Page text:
HOSPITALISTS: Docs Moving to Limit Mandatory Programs
Efforts by insurers to mandate the use of hospitalists are meeting resistance in some areas. A coalition of doctors' groups in Texas has proposed a bill scheduled for a hearing this week in the state House Insurance Committee that would prevent insurers from mandating the use of hospitalists, the Wall Street Journal/Texas Edition reports. While no insurer in Texas has implemented such a mandate, it is not from a lack of trying. Cigna HealthCare of Texas recently proposed a mandatory hospitalist plan for 33 hospitals in the Houston area, set to begin April 1, but was forced to withdraw the plan in the face of staunch doctor opposition. Doctors may now "forego using a hospitalist if they notify the insurer in writing by May 1." Humana Inc. proposed a similar plan slated for last September in the Austin area, but under similar pressure, the insurer ultimately allowed doctors to opt out. Kim Ross, the Texas Medical Association's vice president for public policy, said hospitalist programs work "well when it's a collaborative effort. When it's mandated is when there are problems." But Cigna spokesperson Howard Drescher said, "We have no interest in erecting any kind of barriers that would in any way limit the quality of care for each individual patient" (Elder, Jr./Terhune, 4/14).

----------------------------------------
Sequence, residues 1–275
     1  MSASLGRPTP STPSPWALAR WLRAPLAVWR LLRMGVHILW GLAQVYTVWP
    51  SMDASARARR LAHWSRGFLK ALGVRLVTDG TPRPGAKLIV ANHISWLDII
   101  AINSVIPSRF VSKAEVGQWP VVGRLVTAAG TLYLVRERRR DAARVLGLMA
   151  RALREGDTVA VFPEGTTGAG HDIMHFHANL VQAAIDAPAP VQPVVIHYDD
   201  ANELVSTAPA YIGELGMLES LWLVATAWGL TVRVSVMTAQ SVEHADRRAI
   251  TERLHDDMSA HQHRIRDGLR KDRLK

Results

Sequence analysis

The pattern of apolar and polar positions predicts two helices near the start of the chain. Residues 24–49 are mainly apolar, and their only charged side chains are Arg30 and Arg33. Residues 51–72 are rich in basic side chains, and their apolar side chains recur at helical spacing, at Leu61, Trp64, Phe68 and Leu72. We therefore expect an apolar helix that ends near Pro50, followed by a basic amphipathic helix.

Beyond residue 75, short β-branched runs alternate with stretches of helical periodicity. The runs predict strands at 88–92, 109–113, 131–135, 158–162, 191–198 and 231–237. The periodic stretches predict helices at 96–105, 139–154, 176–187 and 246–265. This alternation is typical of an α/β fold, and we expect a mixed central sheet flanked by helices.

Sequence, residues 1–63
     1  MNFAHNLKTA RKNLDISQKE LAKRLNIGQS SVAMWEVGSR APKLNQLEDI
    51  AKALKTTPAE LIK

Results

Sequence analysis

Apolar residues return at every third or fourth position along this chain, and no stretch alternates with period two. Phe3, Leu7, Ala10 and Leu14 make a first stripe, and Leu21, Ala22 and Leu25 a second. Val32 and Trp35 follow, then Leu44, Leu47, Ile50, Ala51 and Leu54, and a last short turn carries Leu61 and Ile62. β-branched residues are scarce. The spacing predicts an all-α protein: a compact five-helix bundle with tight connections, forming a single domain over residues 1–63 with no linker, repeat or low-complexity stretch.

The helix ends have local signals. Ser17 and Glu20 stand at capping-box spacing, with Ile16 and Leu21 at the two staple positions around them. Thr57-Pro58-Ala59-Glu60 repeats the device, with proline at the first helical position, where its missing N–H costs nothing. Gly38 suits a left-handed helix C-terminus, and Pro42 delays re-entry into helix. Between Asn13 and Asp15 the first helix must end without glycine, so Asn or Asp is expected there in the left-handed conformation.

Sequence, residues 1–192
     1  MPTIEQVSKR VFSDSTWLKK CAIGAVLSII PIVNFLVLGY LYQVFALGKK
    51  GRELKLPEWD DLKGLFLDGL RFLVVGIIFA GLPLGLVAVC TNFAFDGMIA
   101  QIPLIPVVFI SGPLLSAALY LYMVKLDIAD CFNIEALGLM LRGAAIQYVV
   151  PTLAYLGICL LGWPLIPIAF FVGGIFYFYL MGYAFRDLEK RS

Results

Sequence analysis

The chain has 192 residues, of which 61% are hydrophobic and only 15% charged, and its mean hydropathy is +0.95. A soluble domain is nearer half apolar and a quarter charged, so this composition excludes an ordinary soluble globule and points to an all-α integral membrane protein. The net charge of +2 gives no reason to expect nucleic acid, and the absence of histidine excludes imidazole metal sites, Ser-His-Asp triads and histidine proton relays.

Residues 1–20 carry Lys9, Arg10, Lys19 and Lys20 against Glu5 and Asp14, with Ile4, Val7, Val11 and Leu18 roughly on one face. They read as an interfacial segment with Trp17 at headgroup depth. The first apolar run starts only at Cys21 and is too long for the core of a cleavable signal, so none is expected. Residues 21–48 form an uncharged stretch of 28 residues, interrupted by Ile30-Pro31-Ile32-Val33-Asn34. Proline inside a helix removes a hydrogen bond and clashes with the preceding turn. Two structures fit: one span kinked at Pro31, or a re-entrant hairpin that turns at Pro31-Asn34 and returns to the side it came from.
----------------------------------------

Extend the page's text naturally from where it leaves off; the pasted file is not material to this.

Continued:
In a similar move, the Florida Medical Association "has quietly tried to win approval of a short amendment in the state Legislature that would prohibit [an HMO] from restricting a 'physician's ability to provide and manage inpatient hospital services." The impetus for the amendment appears to be a new program set up by Prudential HealthCare plans in South Florida and Tampa, which "compels the majority of its physicians to refer their patients to a hospitalist because most of the doctors fail to meet the company's benchmarks for appropriate hospital care, such as lengths of stay." Dr. John Nelson, a hospitalist for 11 years and co-president of the National Association of Inpatient Physicians, said, "I think making it voluntary is the better way to go. By making it mandatory, you just solidify the resistance." Prudential says its program is not mandatory because it allows doctors a choice, so long as they meet the benchmarks. Kirk Cianciolo, the insurer's senior medical director for South Florida, said, "Prudential is very sensitive to the physician-patient relationship. We are in no way trying to interfere with that" (Terhune, Wall Street Journal/Florida Edition, 4/14).